The increasing popularity and use of social media in medicine offers great opportunities for healthcare professionals and their institutions to interact with patients and colleagues at a pace that has never before been possible. For oncologists, the variety of web-based and mobile technologies that make up social media allow for patient education and authoritative health messaging. Professional development and knowledge sharing, as well as increased direct patient interaction, are other attributes of these technologies. However, while social media offers great potential in healthcare, oncologists must be aware of the possible legal and privacy issues that come along with its use.
The Value of Social Media
According to Don S. Dizon, MD, FACP, the immediate past-chair and member of the Integrated Media and Technology Committee from the American Society of Clinical Oncology (ASCO), social media lends itself specifically to oncology for the very reason that the field appears to be evolving quickly. “Determining the social media outlets that present the most benefit to oncologists depends on each practitioner’s needs,” he says (Table 1).
Twitter appears to hold significant value for oncologists, explains Dr. Dizon, who was also the lead author of an article published in the Journal of Oncology Practice that provides clinicians with guidance on using social media in oncology. “This is primarily because users have the ability to preselect individuals to follow to suit their own specific needs,” he says. “Users can also create lists to further streamline tweeted content. I have separate lists for people who tweet about their experiences with cancer, cancer centers, news disseminators, and colleagues.” Dr. Dizon adds that one of the best uses of Twitter is for following breaking news and plenary presentations from medical conferences by utilizing specialized Twitter feeds. These feeds consist of followers attending the conference who provide their own take on study abstracts.
Dr. Dizon says that blogging is another useful way to engage with colleagues. “The feedback provided from other professionals is useful in receiving another point of view on a given topic,” he says. “Those bloggers who write well or cover hard-hitting topics can also be picked up by wider-circulated platforms, providing them with great exposure and further feedback on certain topics.”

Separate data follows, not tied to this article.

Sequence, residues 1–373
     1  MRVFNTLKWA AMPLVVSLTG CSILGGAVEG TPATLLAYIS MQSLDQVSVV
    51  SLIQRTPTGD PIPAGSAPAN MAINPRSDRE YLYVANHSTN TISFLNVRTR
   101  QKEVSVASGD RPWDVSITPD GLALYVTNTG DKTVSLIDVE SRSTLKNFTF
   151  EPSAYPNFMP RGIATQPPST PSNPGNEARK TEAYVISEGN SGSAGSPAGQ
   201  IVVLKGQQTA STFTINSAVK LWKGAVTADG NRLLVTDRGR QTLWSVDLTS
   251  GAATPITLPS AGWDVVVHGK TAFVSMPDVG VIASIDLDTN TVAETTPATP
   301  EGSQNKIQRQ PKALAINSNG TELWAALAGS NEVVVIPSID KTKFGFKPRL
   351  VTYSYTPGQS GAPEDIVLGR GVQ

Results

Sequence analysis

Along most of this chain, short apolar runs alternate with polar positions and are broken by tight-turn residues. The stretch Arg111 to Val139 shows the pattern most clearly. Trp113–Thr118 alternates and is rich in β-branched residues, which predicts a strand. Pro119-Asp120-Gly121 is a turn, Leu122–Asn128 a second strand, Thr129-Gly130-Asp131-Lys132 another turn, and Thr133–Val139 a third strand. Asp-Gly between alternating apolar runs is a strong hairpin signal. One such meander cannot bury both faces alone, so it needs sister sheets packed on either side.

Issues of Concern When Using Social Media
When using social media, all healthcare providers should be cautious of HIPAA regulations, says Dr. Dizon. “It’s important to understand that once something is posted online, it can’t necessarily be taken back. Therefore, all posts should be kept as general as possible, especially if they involve clinical scenarios. In addition, anything posted to a social media site is potentially discoverable, even with the highest level privacy protection settings. Depending on the nature of the content, posts have the potential to hurt a provider’s professional reputation.”
After reviewing the social media policies and guidelines of 35 professional medical entities, including the American Medical Association, Dr. Dizon and colleagues from ASCO discovered several common, important concepts in the application of social media (Table 2). “Oncologists should be clear about who owns the activity seen in their social media posts,” Dr. Dizon explains. “For example, when posting to an institution’s blog, it’s important to note whether you’re speaking for the institution or expressing your own viewpoint.” To that point, he feels it is critical to not merge professional and personal social media accounts or blogs. “There’s a risk that the boundary between doctors and patients becomes blurry. Furthermore, it increases risks for encountering HIPAA compliance issues.”
Disclosing relationships and conflicts of interest is important for putting social media postings into context, especially when sharing study results. Dr. Dizon says providing a medical opinion should be done with caution, particularly if it involves engaging with out-of-state patients, which state and professional licensure requirements may not allow. Also, it is vital to know what the clinician’s institution is willing to cover in the event that he or she is accused of breaking patient confidentiality laws.
The Bottom Line: Sharing Medical Knowledge
“It is in our best interests as oncologists to be aware of, if not actively engage in, social media to improve how we care for patients,” says Dr. Dizon. “The technology can increase how medical knowledge is shared with the rest of the world. At the same time, it’s critical to be careful. Social media users must respect privacy laws, keep professional and personal activities separate, and be cognizant of their organization’s social media policies to protect what can be a great asset to us.”
Readings & Resources (click to view)
Dizon D, Graham D, Thompson M, et al. Practical guidance: the use of social media in oncology practice. J Oncol Pract. 2012;8:e114-e124. Available at http://jop.ascopubs.org/content/8/5/e114.abstract.
Chaudhry A, Glode L, Gillman M, et al. Trends in Twitter usage by physicians at the ASCO annual meeting, 2010 and 2011. J Oncol Pract. 2012;8:173-178.
Bosslet G, Torke A, Hickman S, et al. The patient-doctor relationship and online social networks: Results of a national survey. J Gen Intern Med. 20ll;26:1168-1174.
Madden M, Zickuhr K. Pew Internet and American Life Project: 65% of online adults use social networking sites. Available at www.pewinternet.org/Reports/2011/Social-Networking-Sites.aspx.
Ferguson T. E-patients: how they can help us heal health care. Available at http://e-patients.net/e-Patients_White_Paper.pdf.
Chretien K, Azar J, Kind T. Physicians on Twitter. JAMA. 2011;305:566-568.